In Torshavn, the capital of the remote Faroe Islands in the Atlantic Ocean, Henning Larsen Architects has designed the New Wood Terminal, a new ferry terminal and HQ embracing the picturesque backdrop of lush Arctic landscapes and open seas. The building pays homage to traditional Faroese fishing boats.
Joar Nango’s nomadic library with architecture books, crafts, and designs by colonized Sámi indigenous people fill the Girjegumpi exhibition at the Nordic Pavilion in Venice.
Konstantin Ikonomidis’ Qaammat pavilion celebrates and promotes the Inuit intangible cultural heritage and traditional knowledge of the environment.
DesignMarch 2022: up-cycled minerał wool, crayons made from Icelandic clay, an icy puffer coat filled with discarded face masks found in the street of Reykjavik and more…
Young Danish studio SAGA Space Architects designed and even spent 100 days in Greenland for an extreme mission to test LUNARK, a lunar habitat showing how we can not only survive but thrive in space.
Italian designer Tobia Zambotti has filled an iceberg-shaped sofa with face masks collected from the streets to raise awareness of the pollution we created because of Covid-19.
As Joe Biden becomes the 46th President of the United States, we look into Trump’s controversial legacy. Goodbye Donald!
THE WHALE museum and whale-watching facility by Dorte Mandrup Architects grows from the ground dissolving the lines between architecture and Norway’s Arctic wilderness while inviting to discover the fabled creatures through art, science and architecture.
Designed as an architectural reaction to changing weather conditions, architecture firm Snøhetta’s Tungestølen hiking cabin in the western part of Norway on a small plateau overlooks the Jostedalen glacier.
Nordic architects are showing the way to build a sustainable future. BIG completes the cleanest waste-to-energy plant topped with a ski slope, Snøhetta has inaugurated the the world’s northernmost energy-positive building. Dorte Mandrup’s Icefjord Centre breaks ground to offer breathtaking views of a melting UNESCO World Heritage Site, new sustainable cultural venues thrive in Helsinki and a sinking arctic Swedish city is being relocated…
An ancient dye plant painting the world indigo, spider silk engineering technology and the world’s first microbe-grown headset. Helsinki Design Week 2019 is all about a greener future!
How does the landscapes shape the architecture? The Irreplaceable Landscapes exhibition at Copenhagen DAC Museum narrates four of Dorte Mandrup’s most audacious projects dealing with natural environments threatened by Climate Change.
The S-1500 chair is made from fishnets and ropes contributing to building a local circular economy. The material is processed to create a marble-like matte, pebbled, dark green surface which is unique and mass produced at the same time.
The Crystal town-hall by Henning Larsen was inspired by the iron minerals of a historical mine which threats to swallow the city center of Kiruna. The building marks the first stage in the relocation of the Swedish city.
Dorte Mandrup’s partially submerged Icefjord Centre in Greenland offers a breathtaking view on one of the most active glaciers on the planet. The project is on show at Venice Biennale with an exhibition which recreates the sounds and the colours of Arctic wilderness.
With Project TrumpNoMore Finnish NGO Melting Ice is raising half a million dollars to demonstrate that climate change exists in a monumental way: carving the US President’s face into an arctic iceberg.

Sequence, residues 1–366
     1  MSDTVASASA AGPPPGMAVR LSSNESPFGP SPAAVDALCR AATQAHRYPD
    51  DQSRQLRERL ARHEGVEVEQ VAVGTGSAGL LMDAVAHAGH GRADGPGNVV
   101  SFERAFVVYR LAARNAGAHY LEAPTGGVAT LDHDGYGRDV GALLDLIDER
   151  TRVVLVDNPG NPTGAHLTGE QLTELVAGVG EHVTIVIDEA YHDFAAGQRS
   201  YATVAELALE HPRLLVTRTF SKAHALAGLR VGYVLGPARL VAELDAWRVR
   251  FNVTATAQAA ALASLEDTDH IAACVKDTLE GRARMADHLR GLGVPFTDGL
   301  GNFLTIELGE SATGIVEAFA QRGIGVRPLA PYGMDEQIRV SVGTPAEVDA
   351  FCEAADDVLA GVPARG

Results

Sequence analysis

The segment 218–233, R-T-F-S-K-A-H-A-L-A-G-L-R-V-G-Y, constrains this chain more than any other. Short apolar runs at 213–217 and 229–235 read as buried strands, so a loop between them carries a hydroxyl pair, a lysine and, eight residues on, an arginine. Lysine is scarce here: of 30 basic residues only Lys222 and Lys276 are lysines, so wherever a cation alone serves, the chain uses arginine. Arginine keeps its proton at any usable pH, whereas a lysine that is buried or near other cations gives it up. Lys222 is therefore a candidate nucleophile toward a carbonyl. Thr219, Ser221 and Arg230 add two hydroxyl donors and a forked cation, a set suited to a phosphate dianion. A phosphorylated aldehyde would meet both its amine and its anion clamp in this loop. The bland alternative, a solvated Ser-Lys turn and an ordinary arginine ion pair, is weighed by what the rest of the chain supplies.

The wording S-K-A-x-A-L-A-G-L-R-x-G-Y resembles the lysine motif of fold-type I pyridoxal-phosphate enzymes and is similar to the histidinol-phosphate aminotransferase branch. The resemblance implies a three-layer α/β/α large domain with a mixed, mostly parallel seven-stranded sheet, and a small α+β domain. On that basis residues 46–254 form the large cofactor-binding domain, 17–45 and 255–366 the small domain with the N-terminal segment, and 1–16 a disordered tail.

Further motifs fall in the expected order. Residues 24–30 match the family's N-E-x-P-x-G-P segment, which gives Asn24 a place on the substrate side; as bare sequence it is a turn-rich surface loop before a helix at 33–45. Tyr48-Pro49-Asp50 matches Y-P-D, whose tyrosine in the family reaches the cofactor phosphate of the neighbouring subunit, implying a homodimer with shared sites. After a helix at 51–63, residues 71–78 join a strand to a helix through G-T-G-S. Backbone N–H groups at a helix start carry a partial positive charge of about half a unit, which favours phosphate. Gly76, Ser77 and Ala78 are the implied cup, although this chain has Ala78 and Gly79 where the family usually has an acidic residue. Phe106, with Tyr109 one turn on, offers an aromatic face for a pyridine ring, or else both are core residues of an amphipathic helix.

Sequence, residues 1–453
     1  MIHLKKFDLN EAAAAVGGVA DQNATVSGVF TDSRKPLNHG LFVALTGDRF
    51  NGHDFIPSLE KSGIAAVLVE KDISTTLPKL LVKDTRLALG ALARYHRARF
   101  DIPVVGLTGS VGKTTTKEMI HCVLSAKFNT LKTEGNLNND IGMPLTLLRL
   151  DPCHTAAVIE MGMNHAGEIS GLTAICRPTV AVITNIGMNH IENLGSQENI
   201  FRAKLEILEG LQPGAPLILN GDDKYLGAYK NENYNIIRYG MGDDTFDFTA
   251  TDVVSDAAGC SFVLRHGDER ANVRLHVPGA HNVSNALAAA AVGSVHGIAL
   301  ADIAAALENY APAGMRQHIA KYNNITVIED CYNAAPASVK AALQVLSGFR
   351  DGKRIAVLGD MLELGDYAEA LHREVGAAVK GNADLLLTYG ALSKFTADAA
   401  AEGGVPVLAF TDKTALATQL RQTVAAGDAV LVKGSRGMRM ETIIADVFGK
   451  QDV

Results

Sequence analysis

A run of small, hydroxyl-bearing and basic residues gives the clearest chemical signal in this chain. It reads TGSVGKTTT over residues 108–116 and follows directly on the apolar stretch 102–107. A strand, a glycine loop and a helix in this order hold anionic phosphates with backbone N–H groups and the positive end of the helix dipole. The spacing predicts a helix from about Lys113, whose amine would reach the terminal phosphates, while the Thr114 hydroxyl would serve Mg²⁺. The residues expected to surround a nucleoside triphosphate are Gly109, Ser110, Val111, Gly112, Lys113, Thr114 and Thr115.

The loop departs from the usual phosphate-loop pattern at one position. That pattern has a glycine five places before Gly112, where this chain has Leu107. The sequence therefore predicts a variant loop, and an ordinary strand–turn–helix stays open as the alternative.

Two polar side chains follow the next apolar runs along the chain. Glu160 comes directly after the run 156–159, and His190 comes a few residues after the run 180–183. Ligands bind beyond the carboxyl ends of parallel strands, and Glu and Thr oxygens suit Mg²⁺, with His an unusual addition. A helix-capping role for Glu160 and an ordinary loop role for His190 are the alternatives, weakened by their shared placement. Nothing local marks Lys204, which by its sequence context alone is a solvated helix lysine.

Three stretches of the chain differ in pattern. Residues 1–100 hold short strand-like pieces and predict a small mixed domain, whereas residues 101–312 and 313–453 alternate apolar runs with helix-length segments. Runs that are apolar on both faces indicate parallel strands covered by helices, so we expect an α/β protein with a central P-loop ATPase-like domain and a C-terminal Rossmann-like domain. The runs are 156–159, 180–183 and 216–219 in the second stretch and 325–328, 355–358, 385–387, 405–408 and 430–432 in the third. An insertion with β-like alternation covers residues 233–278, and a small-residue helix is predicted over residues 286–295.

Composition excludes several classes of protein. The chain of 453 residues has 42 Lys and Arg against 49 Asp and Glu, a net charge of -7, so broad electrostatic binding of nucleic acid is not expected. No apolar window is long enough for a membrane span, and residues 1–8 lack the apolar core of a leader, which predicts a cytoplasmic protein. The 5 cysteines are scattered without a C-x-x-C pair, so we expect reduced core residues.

Are you ready to to feel cozy in Lapland? 2017 IceHotel unveiled designers’ suites 200 km away from the Arctic Circle… Until Spring will melt them down.
In Ushuaia, Argentina, THE BIRRA brewery and hamburger store by hitzig militello arquitectos is inspired by traditional Argentinian grocery-warehouses.
By the end of this century, global warming, over population and humans’ comsumption of natural resources will effect Antactica as well. Hani Rashid’s exhibition showcases future scenarios of sustainable and high-tech architecture.
Icelandic musician Björk unveils the Rottlace mask, a 3D printed design by Neri Oxman that was shaped from the artist’s musculoskeletal system.
Aurora exhibition at Stockholm Furniture Fair offers the chance to dig into the unique features of each Nordic country. We picked Iceland. Here extreme conditions became the cradle for a distinct creative approach: sulphure designs, flat-packed paper lamps and even furniture made of whale bones and shark teeth.
A forest of Gothic columns, the set of a horror movie, and even an elephant in the room. Sculptors and architects from around the world design art suites of the soon-to-be-melted Ice Hotel in Northern Sweden.
Toughened by Norwegian hard winters, Trollstigen visitors center by Reiulf Ramstad Architects challenges wilderness with a concrete and cor-ten steel structure that stretches dramatically until plunging into the fjords’ mist.
“Not a single pine will be torn down”. NietoSobejano Arquitectos designed a new home for the Arvo Pärt Centre near Talinn. Inspired by the Estonian composer’s symphonies, the new cultural hub will dialogues respectfully with the surrounding landscape.
Canada’s national exhibition at Venice Architecture Biennale explores how Inuit communities in Nunavut, the newest, largest and most northerly territory, challenged the viability of an universalizing modernity.
Saunders Architecture designed artists’ cabins completely immersed in the remote nature of Fogo Island, Canada, to fuel with new energy the local community.
The Whale Bone project: ECAL student flies to Reykjavik combine “primitive” and contemporary design in Iceland.